Solar gas turbine systems with centrifugal particle receivers, for remote power generation
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There is a growing demand from remote communities in Australia to increase the amount of decentralised renewable energy in their energy supply mix in order to decrease their fuel costs. In contrast to large scale concentrated solar power (CSP) plants, small solar-hybrid gasturbine systems promise a way to decentralise electricity generation at power levels in the range of 0.1-10MWe, and reduce to cost of energy production for off-grid, isolated communities. Thermal storage provides such CSP systems with an advantage over photovoltaic (PV) technology as this would be potentially cheaper than adding batteries to PV systems or providing stand-by back-up systems such as diesel fuelled generators. Hybrid operation withconventional fuels and solar thermal collection and storage ensures the availability of power even if short term solar radiation is not sufficient or the thermal storage is empty. This paper presents initial modellingresults of a centrifugal receiver (CentRec)system, using hourly weather data of regional Australia for a 100 kWemicroturbine as well as a more efficient and cost effective 4.6MWe unit. The simulations involve calculation and optimisation of the heliostat field, by calculating heliostat by heliostat annual performance. This is combinedwith a model of the receiver efficiency based on experimental figures and a model of the particle storage system and turbine performance data. The optimized design for 15 hours of thermal storage capacity results in a tower height of 35m and a solar field size of 2100m2 for the 100 kWe turbine, and a tower height of 115m and solar field size of 50 000m2 for the 4.6MWe turbine. The solar field provides a greater portion of the operational energy requirement for the 100kWe turbine, as the TIT of the 4.6MWe turbine (1150°C) is greater than what the solar system can provide. System evaluations of the two particle receiver systems, with a selection of cost assumptions, are then compared to the current conventional means of supplying energy in such remote locations.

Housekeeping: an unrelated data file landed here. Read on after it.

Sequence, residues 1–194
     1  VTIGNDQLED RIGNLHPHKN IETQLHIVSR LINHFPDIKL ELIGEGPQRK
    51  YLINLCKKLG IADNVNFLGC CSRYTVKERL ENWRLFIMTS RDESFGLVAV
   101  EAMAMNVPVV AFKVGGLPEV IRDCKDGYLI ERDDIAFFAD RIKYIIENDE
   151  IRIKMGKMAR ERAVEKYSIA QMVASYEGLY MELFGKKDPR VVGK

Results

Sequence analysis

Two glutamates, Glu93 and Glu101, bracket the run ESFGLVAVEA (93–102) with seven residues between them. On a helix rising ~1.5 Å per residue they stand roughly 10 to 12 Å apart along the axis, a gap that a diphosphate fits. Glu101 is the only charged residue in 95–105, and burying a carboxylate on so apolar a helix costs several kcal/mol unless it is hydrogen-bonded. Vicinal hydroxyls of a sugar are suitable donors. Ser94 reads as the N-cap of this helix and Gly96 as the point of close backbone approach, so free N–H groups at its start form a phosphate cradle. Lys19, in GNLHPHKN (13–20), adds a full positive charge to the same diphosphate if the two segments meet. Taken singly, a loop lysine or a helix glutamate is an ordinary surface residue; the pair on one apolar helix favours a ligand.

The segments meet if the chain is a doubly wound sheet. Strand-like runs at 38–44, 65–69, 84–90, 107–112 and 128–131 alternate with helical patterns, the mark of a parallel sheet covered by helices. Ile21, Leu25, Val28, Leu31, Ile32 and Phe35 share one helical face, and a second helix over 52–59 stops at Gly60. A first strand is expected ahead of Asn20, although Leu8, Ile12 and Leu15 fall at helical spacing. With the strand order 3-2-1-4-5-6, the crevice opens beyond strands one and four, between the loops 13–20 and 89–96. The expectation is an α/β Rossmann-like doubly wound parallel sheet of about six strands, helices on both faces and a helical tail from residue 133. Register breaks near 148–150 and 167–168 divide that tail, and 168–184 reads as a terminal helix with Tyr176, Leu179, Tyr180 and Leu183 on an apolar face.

|Publication Type:||Journal Article|
|Murdoch Affiliation:||School of Engineering and Information Technology|
|Copyright:||© 2015 The Authors.|
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